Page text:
An extended report on the research discussed in this article can be found in Vincent (2011).
A Village-Up View of Sierra Leone's Civil War and Reconstruction
Article first published online: 8 JAN 2013
© 2013 The Author. IDS Bulletin © 2013 Institute of Development Studies
Special Issue: Piecing it Together: Post-conflict Security in an Africa of Networked, Multilevel Governance
Volume 44, Issue 1, pages 30–43, January 2013
How to Cite
Vincent, J. B. M. (2013), A Village-Up View of Sierra Leone's Civil War and Reconstruction. IDS Bulletin, 44: 30–43. doi: 10.1111/1759-5436.12005
- Issue published online: 8 JAN 2013
- Article first published online: 8 JAN 2013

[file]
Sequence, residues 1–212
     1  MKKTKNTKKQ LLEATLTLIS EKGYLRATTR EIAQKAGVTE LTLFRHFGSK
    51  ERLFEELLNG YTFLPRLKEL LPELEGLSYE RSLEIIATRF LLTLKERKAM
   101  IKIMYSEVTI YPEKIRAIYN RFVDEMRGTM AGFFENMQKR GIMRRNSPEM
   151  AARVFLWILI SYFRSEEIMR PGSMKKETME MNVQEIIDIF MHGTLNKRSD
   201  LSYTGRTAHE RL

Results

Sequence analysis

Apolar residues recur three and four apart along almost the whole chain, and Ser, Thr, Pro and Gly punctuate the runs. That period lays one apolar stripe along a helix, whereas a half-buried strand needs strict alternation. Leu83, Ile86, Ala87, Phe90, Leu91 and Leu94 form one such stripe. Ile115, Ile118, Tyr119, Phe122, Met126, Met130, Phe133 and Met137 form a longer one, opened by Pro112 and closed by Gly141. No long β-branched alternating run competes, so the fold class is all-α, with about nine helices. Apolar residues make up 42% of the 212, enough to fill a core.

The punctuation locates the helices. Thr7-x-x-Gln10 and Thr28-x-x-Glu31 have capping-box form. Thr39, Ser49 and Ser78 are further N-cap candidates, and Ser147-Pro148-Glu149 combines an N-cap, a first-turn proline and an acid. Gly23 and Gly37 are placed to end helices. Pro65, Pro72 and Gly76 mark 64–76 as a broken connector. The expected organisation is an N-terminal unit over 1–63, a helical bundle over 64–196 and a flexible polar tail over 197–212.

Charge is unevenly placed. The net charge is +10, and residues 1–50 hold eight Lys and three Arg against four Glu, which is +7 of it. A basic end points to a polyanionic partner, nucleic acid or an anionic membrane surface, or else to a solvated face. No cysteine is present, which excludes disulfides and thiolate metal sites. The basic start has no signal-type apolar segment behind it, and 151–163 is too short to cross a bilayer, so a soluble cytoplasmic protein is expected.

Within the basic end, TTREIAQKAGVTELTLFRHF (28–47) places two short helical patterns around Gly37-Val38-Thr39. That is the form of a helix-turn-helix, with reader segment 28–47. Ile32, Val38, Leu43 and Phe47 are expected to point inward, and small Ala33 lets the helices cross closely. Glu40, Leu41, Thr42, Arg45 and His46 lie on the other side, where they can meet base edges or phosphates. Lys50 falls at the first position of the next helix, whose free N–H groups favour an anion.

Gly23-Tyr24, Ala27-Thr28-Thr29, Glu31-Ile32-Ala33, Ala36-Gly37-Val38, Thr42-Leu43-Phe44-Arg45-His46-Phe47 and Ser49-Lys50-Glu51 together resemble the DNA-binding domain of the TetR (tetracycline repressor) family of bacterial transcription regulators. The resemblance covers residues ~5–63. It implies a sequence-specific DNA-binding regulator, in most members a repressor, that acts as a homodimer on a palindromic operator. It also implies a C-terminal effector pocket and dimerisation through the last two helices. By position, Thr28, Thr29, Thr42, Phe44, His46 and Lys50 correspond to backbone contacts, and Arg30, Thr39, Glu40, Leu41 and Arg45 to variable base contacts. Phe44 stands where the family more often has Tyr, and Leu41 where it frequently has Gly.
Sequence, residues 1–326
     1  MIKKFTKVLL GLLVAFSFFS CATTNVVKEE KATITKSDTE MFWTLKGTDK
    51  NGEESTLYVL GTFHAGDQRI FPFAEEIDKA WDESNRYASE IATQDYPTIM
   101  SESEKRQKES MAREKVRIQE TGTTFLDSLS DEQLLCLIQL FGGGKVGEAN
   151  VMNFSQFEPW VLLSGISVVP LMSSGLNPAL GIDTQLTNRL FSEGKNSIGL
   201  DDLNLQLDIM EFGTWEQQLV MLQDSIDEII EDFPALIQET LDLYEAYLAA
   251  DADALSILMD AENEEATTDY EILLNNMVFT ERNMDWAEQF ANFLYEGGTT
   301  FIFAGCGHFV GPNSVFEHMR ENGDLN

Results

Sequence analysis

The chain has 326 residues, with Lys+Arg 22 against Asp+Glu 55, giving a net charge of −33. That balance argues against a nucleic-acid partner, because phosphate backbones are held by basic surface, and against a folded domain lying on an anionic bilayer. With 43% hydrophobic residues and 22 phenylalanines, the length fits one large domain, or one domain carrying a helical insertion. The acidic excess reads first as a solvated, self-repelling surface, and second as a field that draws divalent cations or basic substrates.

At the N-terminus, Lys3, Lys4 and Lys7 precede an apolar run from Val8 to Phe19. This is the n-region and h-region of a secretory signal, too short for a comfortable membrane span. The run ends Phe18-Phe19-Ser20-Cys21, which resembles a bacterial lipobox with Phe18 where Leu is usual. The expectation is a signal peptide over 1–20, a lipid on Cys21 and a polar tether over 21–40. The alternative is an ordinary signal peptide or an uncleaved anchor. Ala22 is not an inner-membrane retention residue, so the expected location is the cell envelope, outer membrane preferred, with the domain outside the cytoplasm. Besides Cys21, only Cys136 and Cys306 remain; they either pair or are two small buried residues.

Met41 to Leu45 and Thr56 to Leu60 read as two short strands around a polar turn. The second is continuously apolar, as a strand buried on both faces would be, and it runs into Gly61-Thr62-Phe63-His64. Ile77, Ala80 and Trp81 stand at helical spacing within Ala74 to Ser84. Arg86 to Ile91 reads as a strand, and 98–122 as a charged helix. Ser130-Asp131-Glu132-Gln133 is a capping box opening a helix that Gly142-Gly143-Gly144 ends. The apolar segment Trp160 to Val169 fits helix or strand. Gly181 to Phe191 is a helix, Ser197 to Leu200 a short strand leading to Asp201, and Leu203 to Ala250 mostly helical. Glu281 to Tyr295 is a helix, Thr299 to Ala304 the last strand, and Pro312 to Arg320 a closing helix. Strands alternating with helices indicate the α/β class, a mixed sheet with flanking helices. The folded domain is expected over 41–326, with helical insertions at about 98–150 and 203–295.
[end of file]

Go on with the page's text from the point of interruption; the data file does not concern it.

This article, based on the original report,1 offers a ‘bottom-up’ review of the post-war reconstruction of the Sierra Leone state. The impact of the civil war on human security and governance in the rural areas was devastating, yet rural communities remained intact. The pre-war (traditional) leadership structures continued informally to provide a degree of governance response. Despite the post-war restoration of chieftaincy and its general popularity, elected district councils have been reintroduced. Also, most communities are now using the alternative dispute mechanisms created by donors, who have played a significant role in Security Sector Reform (SSR), democratisation and decentralisation. Although the police are much improved as a consequence, it would be a mistake to say that they are wholly transformed. The various reforms are incomplete and the institutional boundaries of the newly reconstructed multilayered governance system are unclear. Not enough attention has been paid to how governance at the ‘periphery’ is to be conducted.